Jordan Peele Says 'Get Out' Was "Meant to Be a More Direct, Brutal Wake-Up Call"
"The power of story is that it is one of the few ways we can really feel empathy and encourage empathy," the writer-director said about his film on THR's Writer Roundtable.
"It began as the fun of a horror story," writer Jordan Peele said of his film Get Out on The Hollywood Reporter's Writer Roundtable. "It's my favorite genre. I wanted to have fun while writing."
As the writing process continued, Peele explained to the others at the roundtable — Darren Aronofsky (mother!), Aaron Sorkin (Molly's Game), Emily V. Gordon (The Big Sick), Anthony McCarten (Darkest Hour) and Faith Akin (In the Fade) — that the story turned into something "more important."
"The power of story is that it is one of the few ways we can really feel empathy and encourage empathy," explained Peele. "Built into the idea of a story is that you have a protagonist. When you have a protagonist, the whole trick that all of us are trying to do is bring the audience behind their eyes. A well-crafted story, a good story, is one of the few ways we can really not tell somebody you have to feel for somebody else — but make somebody feel because they're experiencing it through entertainment."
Get Out is Peele's second venture into writing (first being 2016's Keanu) and also acts as his directorial debut. Peele revealed that while he was writing the movie he thought it was going to be "horribly divisive."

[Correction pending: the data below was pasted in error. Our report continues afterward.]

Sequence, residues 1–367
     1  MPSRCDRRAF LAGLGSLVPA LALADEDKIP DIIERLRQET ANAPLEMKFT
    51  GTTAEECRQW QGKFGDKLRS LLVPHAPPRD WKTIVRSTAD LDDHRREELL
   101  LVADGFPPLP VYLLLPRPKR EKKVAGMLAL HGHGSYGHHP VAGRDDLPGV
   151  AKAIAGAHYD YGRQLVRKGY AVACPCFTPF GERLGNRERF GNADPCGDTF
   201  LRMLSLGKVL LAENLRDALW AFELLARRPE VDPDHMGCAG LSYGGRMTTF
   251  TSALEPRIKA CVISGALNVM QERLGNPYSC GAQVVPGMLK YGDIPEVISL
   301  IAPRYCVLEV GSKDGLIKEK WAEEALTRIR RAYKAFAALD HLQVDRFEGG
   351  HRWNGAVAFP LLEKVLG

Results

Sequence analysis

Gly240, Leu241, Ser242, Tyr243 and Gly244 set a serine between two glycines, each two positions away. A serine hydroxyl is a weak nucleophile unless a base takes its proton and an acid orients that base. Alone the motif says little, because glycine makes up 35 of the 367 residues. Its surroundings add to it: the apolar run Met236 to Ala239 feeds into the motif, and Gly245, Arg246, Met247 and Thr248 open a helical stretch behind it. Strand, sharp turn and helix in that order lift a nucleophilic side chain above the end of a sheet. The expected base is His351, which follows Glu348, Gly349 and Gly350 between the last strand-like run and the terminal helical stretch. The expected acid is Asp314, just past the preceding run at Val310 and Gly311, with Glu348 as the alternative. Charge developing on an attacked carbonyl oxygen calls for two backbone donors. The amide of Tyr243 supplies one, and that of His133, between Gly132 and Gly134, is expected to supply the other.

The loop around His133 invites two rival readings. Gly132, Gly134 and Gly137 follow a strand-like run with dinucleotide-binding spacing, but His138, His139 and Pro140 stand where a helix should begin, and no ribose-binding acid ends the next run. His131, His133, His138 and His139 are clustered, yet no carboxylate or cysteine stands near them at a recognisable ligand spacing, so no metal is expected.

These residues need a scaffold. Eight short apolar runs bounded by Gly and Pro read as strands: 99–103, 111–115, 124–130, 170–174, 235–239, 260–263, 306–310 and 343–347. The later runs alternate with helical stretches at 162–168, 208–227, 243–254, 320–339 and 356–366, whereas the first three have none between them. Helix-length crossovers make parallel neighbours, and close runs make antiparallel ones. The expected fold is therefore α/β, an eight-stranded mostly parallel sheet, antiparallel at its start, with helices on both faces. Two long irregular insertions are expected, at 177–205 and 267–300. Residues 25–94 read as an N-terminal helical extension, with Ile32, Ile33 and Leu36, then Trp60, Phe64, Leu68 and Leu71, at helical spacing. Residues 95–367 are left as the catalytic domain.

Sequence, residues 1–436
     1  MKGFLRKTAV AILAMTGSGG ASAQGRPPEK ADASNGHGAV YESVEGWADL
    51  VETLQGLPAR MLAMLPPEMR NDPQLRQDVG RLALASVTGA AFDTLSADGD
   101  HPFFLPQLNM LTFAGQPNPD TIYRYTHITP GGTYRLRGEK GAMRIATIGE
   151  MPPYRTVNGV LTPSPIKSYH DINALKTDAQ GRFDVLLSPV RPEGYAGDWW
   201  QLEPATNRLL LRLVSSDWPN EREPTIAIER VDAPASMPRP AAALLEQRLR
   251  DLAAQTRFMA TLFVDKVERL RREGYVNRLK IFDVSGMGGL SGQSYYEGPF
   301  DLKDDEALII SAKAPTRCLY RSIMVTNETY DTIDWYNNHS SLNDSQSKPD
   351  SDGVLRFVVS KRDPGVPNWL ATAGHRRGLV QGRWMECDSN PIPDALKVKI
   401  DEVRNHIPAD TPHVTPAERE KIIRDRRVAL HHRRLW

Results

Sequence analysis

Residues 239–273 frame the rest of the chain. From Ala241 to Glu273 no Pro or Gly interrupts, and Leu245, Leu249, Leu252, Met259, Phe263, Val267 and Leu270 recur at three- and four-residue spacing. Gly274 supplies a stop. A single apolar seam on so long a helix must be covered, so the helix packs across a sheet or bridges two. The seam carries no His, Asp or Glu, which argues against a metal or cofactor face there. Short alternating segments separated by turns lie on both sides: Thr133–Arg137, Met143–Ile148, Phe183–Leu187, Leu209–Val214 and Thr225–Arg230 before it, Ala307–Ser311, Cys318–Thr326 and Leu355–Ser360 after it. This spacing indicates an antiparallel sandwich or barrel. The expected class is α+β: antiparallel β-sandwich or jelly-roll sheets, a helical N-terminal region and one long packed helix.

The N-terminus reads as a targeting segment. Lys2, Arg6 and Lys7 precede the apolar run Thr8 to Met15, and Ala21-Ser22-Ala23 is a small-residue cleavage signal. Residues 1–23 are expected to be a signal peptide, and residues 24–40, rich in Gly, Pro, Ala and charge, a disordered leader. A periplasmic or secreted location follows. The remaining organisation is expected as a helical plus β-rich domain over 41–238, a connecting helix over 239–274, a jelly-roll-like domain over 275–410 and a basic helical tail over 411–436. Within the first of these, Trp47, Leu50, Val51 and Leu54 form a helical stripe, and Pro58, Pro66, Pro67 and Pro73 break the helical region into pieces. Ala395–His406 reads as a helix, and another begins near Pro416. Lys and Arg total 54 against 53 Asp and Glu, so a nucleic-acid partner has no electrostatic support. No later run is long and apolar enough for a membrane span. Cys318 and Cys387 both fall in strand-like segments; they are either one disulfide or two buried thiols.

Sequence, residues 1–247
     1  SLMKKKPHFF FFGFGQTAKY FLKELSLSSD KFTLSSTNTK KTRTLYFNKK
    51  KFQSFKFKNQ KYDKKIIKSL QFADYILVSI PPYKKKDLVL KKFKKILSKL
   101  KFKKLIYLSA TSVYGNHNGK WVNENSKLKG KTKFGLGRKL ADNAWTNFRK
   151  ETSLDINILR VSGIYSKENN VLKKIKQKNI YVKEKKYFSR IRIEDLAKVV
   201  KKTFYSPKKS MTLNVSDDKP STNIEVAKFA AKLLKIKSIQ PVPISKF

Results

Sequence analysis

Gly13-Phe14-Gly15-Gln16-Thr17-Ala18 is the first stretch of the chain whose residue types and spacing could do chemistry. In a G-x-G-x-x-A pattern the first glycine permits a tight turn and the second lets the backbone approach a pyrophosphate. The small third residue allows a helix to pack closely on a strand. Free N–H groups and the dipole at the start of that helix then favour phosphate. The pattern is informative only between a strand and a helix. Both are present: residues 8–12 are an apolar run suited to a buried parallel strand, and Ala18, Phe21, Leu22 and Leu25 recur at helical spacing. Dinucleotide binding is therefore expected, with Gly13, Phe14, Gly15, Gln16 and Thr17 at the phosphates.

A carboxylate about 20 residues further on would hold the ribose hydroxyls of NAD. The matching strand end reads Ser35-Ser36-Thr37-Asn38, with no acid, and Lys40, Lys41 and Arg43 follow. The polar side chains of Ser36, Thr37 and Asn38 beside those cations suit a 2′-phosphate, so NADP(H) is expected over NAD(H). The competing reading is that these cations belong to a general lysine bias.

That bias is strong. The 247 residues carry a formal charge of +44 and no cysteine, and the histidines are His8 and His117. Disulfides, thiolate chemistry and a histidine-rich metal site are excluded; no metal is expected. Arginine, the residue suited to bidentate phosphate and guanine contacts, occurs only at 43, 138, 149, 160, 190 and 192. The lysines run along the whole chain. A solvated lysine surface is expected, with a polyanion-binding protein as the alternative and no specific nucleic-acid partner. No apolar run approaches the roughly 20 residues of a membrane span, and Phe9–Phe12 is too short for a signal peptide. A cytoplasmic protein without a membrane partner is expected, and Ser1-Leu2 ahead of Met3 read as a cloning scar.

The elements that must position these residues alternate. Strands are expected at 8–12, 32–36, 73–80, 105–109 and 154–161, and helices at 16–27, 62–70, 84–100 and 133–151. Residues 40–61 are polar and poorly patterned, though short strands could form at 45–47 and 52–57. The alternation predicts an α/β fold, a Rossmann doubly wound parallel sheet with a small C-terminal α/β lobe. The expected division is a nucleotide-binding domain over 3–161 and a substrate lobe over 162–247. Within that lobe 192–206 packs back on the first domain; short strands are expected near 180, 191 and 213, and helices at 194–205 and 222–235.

"I thought I'd lose black people because we're victims in the movie and that's hard to watch, that's not fun," he explained. "Maybe I'd lose white people because white people are the villains in the movie, that would be an assault. But I stuck with it and one of the most fulfilling and validating things to see was how an audience would sort of go in with their different preconceived notions on what the film [was] but by the middle, they were all Chris. They were all the main character."
Peele added that he wrote Get Out during a time period he calls the "post-racial lie" of the Obama era. "The notion of bringing up racism was almost thought of perpetuating it," he explained. "The movie was originally meant to be a more direct, brutal wake-up call. It became very clear by showing people the movie, they needed a hero. They needed an escape."